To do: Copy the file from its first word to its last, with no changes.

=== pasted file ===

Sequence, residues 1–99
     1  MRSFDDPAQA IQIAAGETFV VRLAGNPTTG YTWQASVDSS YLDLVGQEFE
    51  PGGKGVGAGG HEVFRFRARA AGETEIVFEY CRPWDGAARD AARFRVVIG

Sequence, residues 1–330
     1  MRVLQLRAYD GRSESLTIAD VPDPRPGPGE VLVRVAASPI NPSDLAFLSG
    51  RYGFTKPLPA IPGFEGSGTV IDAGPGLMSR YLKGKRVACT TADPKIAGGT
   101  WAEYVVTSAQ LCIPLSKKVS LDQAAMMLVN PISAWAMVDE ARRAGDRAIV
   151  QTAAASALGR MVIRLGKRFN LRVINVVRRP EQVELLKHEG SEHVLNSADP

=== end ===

Sequence, residues 1–99
     1  MRSFDDPAQA IQIAAGETFV VRLAGNPTTG YTWQASVDSS YLDLVGQEFE
    51  PGGKGVGAGG HEVFRFRARA AGETEIVFEY CRPWDGAARD AARFRVVIG

Sequence, residues 1–330
     1  MRVLQLRAYD GRSESLTIAD VPDPRPGPGE VLVRVAASPI NPSDLAFLSG
    51  RYGFTKPLPA IPGFEGSGTV IDAGPGLMSR YLKGKRVACT TADPKIAGGT
   101  WAEYVVTSAQ LCIPLSKKVS LDQAAMMLVN PISAWAMVDE ARRAGDRAIV
   151  QTAAASALGR MVIRLGKRFN LRVINVVRRP EQVELLKHEG SEHVLNSADP